Using the Average Basis Method

By Kaye A. Thomas
Current as of February 13, 2013

A (relatively) easy way to figure gain or loss when you sell mutual fund shares.

Averaging method
Averaging method

This page explains the average basis method for mutual fund shares. You may want to know this so you can perform these calculations in a situation where figures provided by your mutual fund company are not accurate, or simply to have a general understanding of how this method works. Typically this method is easier to use than the separate lot method.

What shares are included

Begin by determining what shares are subject to averaging.

  • Averaging for covered shares includes all covered shares of the same mutual fund held in the same account (both short-term and long-term). Generally this means shares purchased after 2011, even if they were purchased as a result of reinvesting a dividend on noncovered shares.
  • Averaging for noncovered shares includes all noncovered shares of the same mutual fund held in the same account. Generally this means shares purchased before 2012, although shares acquired later can be noncovered shares in some circumstances.

Track the total basis

Maintain a running total of the total basis of all shares subject to averaging.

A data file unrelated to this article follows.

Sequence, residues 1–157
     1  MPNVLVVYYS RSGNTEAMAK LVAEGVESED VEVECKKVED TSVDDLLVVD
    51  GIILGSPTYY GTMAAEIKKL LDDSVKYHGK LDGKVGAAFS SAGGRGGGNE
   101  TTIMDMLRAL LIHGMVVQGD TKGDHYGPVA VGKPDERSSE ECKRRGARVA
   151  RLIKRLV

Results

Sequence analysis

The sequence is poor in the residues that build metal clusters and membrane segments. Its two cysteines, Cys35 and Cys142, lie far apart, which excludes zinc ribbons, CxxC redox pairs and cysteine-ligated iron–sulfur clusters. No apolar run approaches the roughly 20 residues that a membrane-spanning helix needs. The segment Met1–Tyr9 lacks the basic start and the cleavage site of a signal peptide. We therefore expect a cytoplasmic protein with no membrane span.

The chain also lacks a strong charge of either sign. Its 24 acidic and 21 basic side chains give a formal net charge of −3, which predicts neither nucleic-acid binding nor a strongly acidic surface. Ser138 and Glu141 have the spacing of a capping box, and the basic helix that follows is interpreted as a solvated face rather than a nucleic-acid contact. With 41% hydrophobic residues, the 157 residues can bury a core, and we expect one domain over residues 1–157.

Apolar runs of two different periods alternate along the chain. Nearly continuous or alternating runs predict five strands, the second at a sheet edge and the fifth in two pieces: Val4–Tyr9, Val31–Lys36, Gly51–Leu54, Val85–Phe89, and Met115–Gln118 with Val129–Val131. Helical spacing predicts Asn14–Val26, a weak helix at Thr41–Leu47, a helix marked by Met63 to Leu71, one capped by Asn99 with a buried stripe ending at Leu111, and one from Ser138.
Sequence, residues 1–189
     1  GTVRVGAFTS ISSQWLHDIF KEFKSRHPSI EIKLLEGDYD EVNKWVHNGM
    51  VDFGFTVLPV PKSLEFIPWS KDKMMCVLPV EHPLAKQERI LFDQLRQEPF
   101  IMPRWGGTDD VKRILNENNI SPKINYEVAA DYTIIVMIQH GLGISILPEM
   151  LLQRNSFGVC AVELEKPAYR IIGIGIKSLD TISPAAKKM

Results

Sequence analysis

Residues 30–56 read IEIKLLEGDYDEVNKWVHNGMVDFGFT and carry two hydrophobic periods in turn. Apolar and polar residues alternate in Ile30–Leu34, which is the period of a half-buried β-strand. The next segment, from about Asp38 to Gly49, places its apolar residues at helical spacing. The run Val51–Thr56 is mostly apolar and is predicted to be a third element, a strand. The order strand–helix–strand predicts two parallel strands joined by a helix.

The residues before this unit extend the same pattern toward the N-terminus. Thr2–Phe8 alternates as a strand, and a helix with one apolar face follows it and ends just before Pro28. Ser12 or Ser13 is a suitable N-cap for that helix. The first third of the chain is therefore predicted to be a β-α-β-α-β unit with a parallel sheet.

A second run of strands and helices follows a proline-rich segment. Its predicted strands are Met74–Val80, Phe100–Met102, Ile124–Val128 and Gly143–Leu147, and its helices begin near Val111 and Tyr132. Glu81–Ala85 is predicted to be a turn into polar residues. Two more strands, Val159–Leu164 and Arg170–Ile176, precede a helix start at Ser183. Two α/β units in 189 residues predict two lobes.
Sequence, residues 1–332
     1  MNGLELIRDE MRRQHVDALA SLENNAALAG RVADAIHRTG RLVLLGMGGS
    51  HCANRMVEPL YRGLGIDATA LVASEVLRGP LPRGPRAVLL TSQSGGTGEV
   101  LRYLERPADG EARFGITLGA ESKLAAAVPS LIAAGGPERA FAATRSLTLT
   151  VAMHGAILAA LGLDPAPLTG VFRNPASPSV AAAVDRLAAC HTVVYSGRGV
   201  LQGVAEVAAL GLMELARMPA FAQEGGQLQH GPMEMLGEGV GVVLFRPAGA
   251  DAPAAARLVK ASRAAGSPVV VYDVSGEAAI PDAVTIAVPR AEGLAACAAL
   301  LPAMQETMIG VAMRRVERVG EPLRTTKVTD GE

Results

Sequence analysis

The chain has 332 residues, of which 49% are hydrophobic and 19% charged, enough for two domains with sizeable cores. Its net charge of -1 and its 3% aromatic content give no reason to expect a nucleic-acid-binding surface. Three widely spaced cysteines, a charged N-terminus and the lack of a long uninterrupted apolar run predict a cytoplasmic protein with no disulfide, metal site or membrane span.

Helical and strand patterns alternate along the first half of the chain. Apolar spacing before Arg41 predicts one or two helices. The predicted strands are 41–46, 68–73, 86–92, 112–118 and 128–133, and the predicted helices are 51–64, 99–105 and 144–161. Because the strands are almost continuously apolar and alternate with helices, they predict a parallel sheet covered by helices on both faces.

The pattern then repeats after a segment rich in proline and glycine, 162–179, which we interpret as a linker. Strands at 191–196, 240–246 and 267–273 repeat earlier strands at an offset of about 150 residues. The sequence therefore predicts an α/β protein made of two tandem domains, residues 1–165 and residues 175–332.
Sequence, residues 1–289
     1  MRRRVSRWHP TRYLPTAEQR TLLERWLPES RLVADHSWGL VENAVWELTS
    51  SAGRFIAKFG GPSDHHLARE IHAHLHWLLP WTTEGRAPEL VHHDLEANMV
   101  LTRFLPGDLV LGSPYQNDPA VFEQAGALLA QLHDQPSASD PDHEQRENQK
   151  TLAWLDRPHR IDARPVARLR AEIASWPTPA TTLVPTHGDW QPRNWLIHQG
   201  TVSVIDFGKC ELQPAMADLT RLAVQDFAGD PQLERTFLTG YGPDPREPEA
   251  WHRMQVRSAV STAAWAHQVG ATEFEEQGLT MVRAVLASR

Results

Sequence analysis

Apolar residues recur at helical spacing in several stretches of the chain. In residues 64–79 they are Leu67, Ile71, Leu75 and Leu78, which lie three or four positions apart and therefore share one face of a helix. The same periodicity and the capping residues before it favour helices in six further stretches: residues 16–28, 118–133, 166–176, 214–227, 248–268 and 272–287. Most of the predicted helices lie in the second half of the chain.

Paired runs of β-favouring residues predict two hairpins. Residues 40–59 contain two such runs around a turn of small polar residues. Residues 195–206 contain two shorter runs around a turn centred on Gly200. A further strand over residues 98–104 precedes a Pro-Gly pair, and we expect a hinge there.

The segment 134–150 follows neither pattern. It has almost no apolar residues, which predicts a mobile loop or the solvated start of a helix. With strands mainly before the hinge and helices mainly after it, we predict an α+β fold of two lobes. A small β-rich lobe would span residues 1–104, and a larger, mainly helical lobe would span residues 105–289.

• Each purchase of shares in that category, including a dividend reinvestment purchase, adds to the total basis.
  • Make any other necessary adjustments, such as for wash sales or nondividend distributions.

When you sell

When you sell shares, divide the total basis by the total number of shares to get the basis per share. Multiply this figure by the number of shares sold to determine basis for this sale. Also, be sure to subtract this number from the total basis you’re tracking, so you can accurately determine the basis for your next sale of shares.

Example

In Using the Separate Lot Method we presented an example where you made four monthly purchases of $1,000 each, and also received a $60 distribution (which was reinvested), with $40 of that amount being a dividend and $20 being a nondividend distribution. basis calculations were somewhat complicated, but when we use the average basis method we simply need to track the total. That’s $4,000 for the cash purchases plus $60 for the shares purchased by reinvesting the dividend, minus $20 for the nondividend distribution, which comes to $4,040.

Then we said you sold 84.773 shares. To find the basis for this sale, divide $4,040 by the total number of shares (which was 157.849) and multiply by 84.773, to get $2,170. That’s a lot easier than the process we used to find the basis using the separate lot method.

Remember to reduce your total basis ($4,040) by the basis recovered in this sale ($2,170) to arrive at $1,870, the basis of the remaining shares.

Holding period

The description so far makes it seem as if you don’t have to track individual lots when using the average basis method, but that isn’t quite true. You still need to know whether the shares you sold had a short-term or long-term holding period. You also need to know the purchase dates for recently purchased lots when you apply the wash sale rule and some special rules for mutual fund shares. The average basis method doesn’t eliminate all the recordkeeping headaches associated with holding multiple lots of mutual fund shares, but it makes the basis calculations much simpler.